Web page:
Author(s): Armstrong EJ, Harskamp CT, Armstrong AW
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Abstract BACKGROUND: Psoriasis is a chronic inflammatory disease that may be associated with increased risk of cardiovascular events, including cardiovascular mortality, myocardial infarction, and stroke. METHODS AND RESULTS: We searched the MEDLINE, EMBASE, and Cochrane Central Register databases for relevant studies in English between January 1, 1980, and January 1, 2012. Extraction was by 3 independent reviewers. Summary incidence, risk ratios (RRs), and confidence intervals (CIs) were calculated using fixed-effects and random-effects modeling. Meta-regression was also performed to identify sources of between-study variation. Nine studies were included, representing a total of 201 239 patients with mild and 17 415 patients with severe psoriasis. The level of covariate adjustment varied among studies, leading to the possibility of residual confounding. Using the available adjusted effect sizes, mild psoriasis remained associated with a significantly increased risk of myocardial infarction (RR, 1.29; 95\% CI, 1.02 to 1.63) and stroke (RR, 1.12; 95\% CI, 1.08 to 1.16). Severe psoriasis was associated with a significantly increased risk of cardiovascular mortality (RR, 1.39; 95\% CI, 1.11 to 1.74), myocardial infarction (RR, 1.70; 95\% CI, 1.32 to 2.18), and stroke (RR, 1.56 95\% CI, 1.32 to 1.84). Based on these risk ratios and the background population event rates, psoriasis is associated with an estimated excess of 11 500 (95\% CI, 1169 to 24 407) major adverse cardiovascular events each year. CONCLUSIONS: Mild and severe psoriasis are associated with an increased risk of myocardial infarction and stroke. Severe psoriasis is also associated with an increased risk of cardiovascular mortality. Future studies should include more complete covariate adjustment and characterization of psoriasis severity.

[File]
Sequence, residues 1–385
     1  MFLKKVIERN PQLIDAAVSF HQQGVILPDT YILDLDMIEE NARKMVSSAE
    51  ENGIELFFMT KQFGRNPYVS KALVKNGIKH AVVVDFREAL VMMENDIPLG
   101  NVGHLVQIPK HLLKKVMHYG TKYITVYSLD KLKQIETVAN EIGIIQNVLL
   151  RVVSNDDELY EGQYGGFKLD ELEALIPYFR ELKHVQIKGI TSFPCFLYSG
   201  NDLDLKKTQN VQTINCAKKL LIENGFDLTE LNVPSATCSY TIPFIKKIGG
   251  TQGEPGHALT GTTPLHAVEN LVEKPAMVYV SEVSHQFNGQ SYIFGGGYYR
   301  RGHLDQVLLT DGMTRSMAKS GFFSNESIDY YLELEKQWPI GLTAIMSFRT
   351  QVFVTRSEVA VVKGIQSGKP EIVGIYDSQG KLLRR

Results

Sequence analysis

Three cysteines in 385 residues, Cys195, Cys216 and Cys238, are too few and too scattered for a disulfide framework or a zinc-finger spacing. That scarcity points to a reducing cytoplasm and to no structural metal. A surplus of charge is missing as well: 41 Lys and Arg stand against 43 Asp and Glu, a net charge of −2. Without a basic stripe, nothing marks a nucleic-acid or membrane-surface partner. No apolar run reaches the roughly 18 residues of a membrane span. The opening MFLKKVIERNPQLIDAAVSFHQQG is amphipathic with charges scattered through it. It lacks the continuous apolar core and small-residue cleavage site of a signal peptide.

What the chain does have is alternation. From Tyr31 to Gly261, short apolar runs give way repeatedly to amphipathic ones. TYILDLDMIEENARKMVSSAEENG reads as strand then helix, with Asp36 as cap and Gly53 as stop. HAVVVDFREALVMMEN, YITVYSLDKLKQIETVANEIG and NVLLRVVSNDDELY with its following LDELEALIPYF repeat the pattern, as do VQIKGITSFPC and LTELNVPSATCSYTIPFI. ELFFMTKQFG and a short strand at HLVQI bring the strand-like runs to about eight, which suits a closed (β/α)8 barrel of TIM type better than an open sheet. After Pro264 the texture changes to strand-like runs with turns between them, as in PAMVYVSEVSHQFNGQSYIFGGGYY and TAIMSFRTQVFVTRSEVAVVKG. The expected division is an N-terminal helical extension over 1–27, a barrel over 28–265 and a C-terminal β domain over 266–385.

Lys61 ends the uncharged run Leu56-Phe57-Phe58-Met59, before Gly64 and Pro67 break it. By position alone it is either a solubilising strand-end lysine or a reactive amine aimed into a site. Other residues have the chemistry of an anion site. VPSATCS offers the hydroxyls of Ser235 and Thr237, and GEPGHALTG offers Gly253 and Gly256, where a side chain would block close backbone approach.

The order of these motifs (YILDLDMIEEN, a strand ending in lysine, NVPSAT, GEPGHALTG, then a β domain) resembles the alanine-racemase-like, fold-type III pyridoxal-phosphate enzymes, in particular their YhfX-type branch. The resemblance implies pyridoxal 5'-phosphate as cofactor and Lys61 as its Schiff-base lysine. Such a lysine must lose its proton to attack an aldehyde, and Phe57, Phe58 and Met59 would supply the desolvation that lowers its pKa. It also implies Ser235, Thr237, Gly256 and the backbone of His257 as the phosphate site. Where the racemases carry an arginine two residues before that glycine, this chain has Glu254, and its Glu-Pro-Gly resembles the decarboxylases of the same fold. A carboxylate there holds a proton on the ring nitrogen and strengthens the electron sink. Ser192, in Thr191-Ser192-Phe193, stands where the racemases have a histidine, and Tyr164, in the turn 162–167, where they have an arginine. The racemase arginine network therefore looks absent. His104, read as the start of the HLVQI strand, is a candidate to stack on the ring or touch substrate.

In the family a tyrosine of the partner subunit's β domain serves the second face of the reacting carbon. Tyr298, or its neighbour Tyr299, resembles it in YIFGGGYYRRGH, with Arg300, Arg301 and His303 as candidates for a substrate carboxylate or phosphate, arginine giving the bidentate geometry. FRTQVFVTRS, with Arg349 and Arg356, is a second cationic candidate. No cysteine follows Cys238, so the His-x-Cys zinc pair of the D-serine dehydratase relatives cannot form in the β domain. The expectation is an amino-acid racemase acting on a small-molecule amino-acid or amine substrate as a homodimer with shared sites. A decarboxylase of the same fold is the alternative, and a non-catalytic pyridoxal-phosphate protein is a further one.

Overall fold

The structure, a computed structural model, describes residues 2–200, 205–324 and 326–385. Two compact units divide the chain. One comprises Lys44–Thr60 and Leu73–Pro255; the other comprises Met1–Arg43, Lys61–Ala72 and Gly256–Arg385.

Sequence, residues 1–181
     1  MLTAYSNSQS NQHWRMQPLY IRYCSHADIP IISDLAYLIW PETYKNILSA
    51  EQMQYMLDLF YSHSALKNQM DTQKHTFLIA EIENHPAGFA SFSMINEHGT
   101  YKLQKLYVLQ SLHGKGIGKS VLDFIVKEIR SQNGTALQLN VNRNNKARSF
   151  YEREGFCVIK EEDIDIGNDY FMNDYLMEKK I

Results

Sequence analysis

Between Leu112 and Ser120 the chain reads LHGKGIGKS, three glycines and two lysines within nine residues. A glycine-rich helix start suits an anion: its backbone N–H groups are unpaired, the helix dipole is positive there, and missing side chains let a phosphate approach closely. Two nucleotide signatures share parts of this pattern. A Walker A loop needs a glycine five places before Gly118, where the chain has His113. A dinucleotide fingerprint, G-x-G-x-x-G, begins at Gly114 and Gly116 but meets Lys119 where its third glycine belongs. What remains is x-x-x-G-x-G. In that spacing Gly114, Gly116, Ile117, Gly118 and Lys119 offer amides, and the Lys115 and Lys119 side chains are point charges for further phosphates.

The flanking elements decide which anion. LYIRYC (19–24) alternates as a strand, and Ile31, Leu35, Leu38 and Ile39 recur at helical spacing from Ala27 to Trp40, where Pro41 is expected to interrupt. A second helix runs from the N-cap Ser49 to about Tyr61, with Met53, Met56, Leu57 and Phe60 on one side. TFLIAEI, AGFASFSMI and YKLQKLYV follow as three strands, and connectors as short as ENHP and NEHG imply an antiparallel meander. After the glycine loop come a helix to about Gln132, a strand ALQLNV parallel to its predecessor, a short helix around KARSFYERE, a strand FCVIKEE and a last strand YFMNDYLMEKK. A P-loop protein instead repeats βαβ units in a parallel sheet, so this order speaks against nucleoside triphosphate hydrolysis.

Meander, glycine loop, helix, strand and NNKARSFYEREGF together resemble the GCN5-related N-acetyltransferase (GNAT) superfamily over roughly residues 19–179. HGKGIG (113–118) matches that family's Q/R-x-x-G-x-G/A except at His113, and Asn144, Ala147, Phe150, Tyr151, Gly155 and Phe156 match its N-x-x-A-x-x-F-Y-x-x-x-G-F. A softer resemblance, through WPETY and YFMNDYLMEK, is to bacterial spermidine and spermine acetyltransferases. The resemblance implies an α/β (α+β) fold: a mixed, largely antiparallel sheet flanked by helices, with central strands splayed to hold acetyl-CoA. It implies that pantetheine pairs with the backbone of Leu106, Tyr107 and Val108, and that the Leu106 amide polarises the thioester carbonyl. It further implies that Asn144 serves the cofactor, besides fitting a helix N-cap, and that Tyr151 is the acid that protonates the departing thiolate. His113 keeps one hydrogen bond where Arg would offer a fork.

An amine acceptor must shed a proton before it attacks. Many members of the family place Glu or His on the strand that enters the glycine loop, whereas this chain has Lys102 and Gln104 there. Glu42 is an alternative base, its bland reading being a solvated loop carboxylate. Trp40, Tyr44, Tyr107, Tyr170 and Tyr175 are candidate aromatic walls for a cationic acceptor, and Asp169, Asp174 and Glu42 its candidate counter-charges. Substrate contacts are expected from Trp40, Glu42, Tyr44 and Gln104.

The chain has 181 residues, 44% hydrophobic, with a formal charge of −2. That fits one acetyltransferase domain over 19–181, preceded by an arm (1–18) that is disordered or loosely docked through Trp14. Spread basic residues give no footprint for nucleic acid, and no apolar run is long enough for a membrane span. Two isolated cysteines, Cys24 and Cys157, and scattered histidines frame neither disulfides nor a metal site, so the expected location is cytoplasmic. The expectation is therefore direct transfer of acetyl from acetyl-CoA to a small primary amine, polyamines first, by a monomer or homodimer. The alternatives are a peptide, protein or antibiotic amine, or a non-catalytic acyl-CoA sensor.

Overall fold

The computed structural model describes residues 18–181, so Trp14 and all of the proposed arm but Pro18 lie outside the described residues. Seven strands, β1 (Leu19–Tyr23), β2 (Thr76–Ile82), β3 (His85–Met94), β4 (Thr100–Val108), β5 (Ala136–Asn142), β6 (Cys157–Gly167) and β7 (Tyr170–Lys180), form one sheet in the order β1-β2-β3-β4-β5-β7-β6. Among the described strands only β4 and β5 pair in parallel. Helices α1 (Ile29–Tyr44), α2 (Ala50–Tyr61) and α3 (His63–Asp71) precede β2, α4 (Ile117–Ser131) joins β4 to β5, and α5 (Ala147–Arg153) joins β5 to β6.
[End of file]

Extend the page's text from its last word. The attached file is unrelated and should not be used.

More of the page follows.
This article was published in J Am Heart Assoc
and referenced in Journal of Pharmaceutical Care & Health Systems